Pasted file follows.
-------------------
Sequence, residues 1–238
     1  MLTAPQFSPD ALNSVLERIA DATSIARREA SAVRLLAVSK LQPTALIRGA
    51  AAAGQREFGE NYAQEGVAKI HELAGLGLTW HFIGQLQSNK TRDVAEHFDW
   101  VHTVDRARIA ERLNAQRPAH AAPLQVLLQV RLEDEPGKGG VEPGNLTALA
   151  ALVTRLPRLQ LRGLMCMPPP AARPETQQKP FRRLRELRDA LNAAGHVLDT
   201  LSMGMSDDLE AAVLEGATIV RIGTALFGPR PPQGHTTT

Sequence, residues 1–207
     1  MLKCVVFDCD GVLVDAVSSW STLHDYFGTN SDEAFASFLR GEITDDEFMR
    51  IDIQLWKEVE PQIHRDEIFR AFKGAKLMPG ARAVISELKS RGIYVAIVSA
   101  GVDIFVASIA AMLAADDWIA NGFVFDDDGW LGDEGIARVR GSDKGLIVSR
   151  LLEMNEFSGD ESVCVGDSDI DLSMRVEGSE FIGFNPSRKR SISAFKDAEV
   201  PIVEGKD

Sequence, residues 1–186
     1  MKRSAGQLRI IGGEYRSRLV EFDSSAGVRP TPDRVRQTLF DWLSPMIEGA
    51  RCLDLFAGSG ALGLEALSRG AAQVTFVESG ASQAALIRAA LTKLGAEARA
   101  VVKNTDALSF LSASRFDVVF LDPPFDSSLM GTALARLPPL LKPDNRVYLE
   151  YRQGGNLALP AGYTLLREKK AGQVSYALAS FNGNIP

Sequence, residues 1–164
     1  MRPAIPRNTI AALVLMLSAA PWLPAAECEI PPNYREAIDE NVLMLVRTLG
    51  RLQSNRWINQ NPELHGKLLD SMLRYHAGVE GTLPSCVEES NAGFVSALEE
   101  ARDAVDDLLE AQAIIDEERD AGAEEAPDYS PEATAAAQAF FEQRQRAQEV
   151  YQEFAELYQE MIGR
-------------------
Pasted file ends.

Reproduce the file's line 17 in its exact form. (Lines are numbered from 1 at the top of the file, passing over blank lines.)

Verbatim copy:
   151  YRQGGNLALP AGYTLLREKK AGQVSYALAS FNGNIP